• Corporations on currently sitting on a mound of cash. While most investors consider buybacks a good thing... to an extent, after all a buyback generally increases shareholder value, the buybacks recently have been cited by some as evidence that corporations are too risk-averse to invest the cash elsewhere.
  • Of course, share buybacks can also be used to simply improve the company's financial ratios. Buybacks reduce the assets on the balance sheet, increasing return on assets and return on equity.
  • As Professor Succo noted on the Buzz & Banter this morning, corporate profit growth has been decent, but almost all of it has come through cost cutting and share buybacks.
  • So, back to the record $349 billion buybacks. In the fourth quarter alone, buybacks increased at a $416 billion annual rate.
  • The two sectors seeing the most buybacks were Tech and Financials. Woo hoo, right?
  • D'oh! Turns out that Tech and Financials are also the two sectors topping the list of insider selling!
  • Thomson Financial recently said insider selling reached a total of $6.1billion in February, the highest since the $9.1 billion record set in February 2000. Hmmmm.
  • So, here's the plot, and you decide whether it is bullish or bearish:
    CEOs publicly say, "there is no better investment right now than in our own companies, so we're using our excess cash to buy our own stock." CEOs confer with private personal advisers who recommend CEOs unload stock.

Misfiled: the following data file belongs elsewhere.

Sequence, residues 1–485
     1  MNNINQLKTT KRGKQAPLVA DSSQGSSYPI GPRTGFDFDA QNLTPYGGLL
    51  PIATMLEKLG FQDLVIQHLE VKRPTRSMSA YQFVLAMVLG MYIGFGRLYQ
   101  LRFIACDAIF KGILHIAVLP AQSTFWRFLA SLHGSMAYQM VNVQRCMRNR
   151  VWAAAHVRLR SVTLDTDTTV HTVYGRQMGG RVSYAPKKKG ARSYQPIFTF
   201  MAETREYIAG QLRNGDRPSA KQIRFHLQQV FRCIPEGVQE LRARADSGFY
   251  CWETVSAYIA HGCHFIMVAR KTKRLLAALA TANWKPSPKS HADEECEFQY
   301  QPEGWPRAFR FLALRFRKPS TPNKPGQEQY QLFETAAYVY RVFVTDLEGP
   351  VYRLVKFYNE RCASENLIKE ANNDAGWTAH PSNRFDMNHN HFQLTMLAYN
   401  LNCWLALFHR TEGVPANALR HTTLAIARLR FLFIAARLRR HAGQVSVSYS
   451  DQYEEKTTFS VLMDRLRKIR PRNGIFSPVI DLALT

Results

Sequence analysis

4. Google and All That Cash

Late Wednesday Google (GOOG) announced it was raising up to $2 billion through a new public offering.

  • The offering would raise GOOG's shares outstanding figure to more than 212 million.
  • In a statement, the company said it planned to use the shares mostly to meet increased demand from index funds in light of the company's recent inclusion into the S&P 500 index.
  • Analysts are beginning to question the company's real motives, however.
  • Robert Peck of Bear Stearns said the company may target "Asian Internet companies."
  • Meanwhile, Rob Sanderson at American Technology Research, wonders if GOOG may be eyeing an investment in network providers given the recent debate over "net neutrality," referring to whether large traffickers in bandwidth should be charged for their usage.
  • Yesterday afternoon, an interesting report from Thomson Financial Research noted that the additional cash, given short-term rates exceeding 4.5%, would result in significant EPS increases as long as GOOG's PE ratio is above 33.

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5. Contradictanyms

Before you bolt for the door, a contradictanym is a word that has opposite meanings depending on the context.

  • Take the word "bolt" for example. One can bolt for the door to catch the market open unless we bolt the door to make sure no one gets out.
  • I prefer to garnish my dish, adding a bright green sprig of parsley, while the IRS prefers to garnish my wages making the parsley impossible to afford.
  • Toddo has lately been critical of Chachi's and Pepe's wardrobes, while making critical errors in his own fashion judgments.
  • Giving the SEC additional oversight over hedge funds would be a regulatory oversight.
  • Meehan is at Aqueduct this morning trying to fix the starting gate before the first race, in order to fix the results of the first race.